spinal cord begins below the medulla and ends just above the
small of the back at the conus medularis. The area
within the vertebral column beyond the end of the spinal
cord is called the cauda equina.
The spinal cord is protected by the vertebrae and
the meninges. The dura mater, arachnoid mater and pia mater
of the spinal cord are continuous with those of the brain.
Cerebrospinal fluid is in the subarachnoid
that lies between the arachnoid and pia mater and in the
central canal, a space in the middle of
the gray matter of the cord. It provides a hydraulic cushion
for the spinal cord.
(sensory) and ventral (motor) horn cells
the cord is viewed in a cross-section, its gray matter is
"H" shaped or, as described by Bhatnagar, 2002,
butterfly shaped. It has two ventral and two dorsal horns.
The white matter surrounding the cell bodies of the cord is
made up of ascending and descending fibers. Motor tracts are
found on the ventral and lateral aspects of the cord while
sensory tracts run along its dorsal area.
lower motor neurons are located on the ventral aspect of the
cord. They are either alpha or gamma cells.
Alpha cells are the principle lower motor
neurons of the spinal cord and form the main portion of the
final common pathway. They conduct rapid motor impulses,
with each alpha cell innervating approximately 200 muscle
Gamma neurons are also part of the final
common pathway according to some sources but they are only
half as numerous as alpha cells. Gamma cells conduct slow
motor impulses. Their major function is to stretch muscle
Interneurons connect the anterior and
posterior horns of the gray matter and are involved in the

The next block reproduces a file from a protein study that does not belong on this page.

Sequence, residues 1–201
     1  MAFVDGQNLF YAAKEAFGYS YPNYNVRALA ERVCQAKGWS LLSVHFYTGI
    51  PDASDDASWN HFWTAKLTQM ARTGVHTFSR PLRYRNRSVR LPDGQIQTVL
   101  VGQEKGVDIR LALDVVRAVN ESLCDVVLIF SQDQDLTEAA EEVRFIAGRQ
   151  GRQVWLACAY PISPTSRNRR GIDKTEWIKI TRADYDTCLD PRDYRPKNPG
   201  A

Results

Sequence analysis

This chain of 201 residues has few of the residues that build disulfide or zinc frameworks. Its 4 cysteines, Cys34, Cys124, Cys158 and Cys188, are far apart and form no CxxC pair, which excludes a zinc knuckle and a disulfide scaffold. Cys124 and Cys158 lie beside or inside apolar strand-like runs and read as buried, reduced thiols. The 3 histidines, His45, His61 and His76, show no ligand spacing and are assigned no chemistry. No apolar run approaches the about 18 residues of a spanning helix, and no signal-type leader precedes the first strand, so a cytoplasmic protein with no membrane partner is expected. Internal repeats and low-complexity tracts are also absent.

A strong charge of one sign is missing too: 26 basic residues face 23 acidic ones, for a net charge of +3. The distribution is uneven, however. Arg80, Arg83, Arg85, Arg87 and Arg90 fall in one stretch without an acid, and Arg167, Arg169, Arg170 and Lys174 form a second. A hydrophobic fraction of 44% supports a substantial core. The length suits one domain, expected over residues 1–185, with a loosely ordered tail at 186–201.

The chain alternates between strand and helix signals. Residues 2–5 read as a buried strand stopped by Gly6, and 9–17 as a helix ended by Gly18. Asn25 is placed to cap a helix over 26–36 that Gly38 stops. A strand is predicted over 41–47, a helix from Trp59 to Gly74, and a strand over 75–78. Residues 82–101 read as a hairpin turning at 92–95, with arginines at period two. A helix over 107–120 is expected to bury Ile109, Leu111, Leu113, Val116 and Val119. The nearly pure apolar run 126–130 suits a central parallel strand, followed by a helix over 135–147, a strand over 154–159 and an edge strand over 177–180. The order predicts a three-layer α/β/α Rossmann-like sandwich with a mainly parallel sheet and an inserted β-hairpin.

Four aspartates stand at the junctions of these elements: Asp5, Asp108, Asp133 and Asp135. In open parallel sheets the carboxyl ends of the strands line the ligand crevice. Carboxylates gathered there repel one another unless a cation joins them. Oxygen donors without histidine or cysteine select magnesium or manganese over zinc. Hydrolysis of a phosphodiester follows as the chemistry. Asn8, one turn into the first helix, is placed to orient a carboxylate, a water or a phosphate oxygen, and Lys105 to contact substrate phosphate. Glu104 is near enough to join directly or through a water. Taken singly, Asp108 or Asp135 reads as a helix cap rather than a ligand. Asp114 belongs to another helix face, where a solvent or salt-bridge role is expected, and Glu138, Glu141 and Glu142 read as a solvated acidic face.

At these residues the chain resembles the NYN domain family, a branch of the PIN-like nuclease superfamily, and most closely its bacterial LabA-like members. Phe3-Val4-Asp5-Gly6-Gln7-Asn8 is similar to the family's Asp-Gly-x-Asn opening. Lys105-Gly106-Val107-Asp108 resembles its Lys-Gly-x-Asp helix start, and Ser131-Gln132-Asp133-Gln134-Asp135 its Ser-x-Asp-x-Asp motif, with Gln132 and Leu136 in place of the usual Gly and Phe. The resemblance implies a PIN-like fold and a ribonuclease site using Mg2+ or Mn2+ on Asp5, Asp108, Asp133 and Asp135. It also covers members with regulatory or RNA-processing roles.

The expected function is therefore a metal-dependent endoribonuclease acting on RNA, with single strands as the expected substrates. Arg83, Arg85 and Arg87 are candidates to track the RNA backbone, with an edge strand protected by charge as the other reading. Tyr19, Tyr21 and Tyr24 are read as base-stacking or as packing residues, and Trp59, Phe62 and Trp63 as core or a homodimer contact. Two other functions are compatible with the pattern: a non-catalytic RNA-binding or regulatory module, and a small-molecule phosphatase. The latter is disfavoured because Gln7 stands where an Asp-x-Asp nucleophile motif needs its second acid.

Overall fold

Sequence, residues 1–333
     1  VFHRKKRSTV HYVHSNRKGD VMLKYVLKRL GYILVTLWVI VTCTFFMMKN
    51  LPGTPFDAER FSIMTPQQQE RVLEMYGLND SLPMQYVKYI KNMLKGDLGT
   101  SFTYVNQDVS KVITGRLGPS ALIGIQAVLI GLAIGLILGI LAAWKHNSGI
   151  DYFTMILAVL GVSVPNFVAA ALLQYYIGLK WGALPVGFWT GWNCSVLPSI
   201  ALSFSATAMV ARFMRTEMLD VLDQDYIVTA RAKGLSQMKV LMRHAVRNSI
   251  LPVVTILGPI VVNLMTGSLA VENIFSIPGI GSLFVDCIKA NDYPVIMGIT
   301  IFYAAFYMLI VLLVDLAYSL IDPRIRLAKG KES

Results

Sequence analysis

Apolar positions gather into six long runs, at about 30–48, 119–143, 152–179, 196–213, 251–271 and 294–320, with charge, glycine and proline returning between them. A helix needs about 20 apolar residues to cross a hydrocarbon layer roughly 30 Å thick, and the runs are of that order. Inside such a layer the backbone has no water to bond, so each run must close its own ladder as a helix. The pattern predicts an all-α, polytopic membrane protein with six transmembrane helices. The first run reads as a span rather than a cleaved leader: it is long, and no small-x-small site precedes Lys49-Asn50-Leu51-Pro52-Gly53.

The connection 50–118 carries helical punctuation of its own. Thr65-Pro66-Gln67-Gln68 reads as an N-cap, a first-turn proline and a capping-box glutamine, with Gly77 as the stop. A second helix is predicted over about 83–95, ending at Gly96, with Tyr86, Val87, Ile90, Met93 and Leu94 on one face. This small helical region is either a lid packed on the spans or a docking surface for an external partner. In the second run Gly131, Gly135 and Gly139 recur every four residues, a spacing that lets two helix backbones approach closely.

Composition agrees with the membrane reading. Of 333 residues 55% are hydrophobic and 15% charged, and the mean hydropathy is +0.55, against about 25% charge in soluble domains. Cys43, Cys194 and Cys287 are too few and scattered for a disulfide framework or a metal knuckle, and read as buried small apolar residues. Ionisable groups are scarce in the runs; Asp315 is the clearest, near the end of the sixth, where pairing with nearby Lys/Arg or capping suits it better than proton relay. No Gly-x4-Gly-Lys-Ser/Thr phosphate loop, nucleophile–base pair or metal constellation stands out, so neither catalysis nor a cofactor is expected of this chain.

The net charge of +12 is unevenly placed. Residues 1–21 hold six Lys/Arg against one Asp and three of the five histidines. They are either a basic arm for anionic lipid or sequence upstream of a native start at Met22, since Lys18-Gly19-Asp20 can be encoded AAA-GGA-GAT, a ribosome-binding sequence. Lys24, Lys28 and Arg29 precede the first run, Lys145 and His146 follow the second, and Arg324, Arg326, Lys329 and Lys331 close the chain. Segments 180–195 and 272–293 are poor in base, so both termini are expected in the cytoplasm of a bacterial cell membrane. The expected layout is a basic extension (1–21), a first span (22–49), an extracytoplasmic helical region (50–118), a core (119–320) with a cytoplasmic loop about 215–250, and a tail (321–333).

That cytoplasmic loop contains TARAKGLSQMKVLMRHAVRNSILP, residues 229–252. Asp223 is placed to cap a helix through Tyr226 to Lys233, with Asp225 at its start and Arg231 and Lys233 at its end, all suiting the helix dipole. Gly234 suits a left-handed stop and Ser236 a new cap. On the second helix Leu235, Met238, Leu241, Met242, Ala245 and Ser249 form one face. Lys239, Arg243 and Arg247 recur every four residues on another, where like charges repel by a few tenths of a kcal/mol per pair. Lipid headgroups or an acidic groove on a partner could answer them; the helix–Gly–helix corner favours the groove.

reflex arc. They work within the same segment of the spinal
cord, with a segment being defined as the horizontal section
of the cord that gives rise to one pair of spinal nerves.
Neurons travel between segments, sending
projections up to the brain stem and cerebellum. They
project in an ascending, not descending manner.
neurons are found throughout the central nervous system.
They are much more numerous than motor neurons; the ratio
between the two types of cells is 30:1.
The main function
of the association neurons in the spinal cord is that of
inhibitory control. They also interconnect other cells with
including Bhatnager and Andy, (1995), do not distinguish
between interneurons and internuncial neurons. Even if these
two types of association neurons are grouped together, they
should definitely be distinguished from the spinal nerves
which are lower motor neurons, forming a final common
pathway for information descending from the brain.
thirty-one pairs of spinal
nerves. These nerves are mixed, having both
a sensory and a motor aspect. Their motor fibers begin on
the ventral part of the spinal cord at the
anterior horns of the gray matter. The
roots of their sensory fibers are located on the dorsal side
of the spinal cord in the posterior root
ganglia. When the motor and sensory fibers
exit the spinal column through the intervertebral foramina
and pass through the meninges, they join together to form
the spinal nerves.
receive only contralateral innervation from first order
Eight pairs of spinal nerves are
located in the uppermost, cervical region of the cord:
are found in the thoracic region.
are in the lumbar area.
are in the sacral area.
is found in the most inferior, coccygeal region.
second order lower motor neurons, the spinal nerves, form
part of the final common pathway for information traveling
from the central nervous system to the periphery. The spinal
nerves provide innervation to body areas below the neck
while cranial nerves (also second order neurons) carry
impulses only to the head and neck, except for the vagus.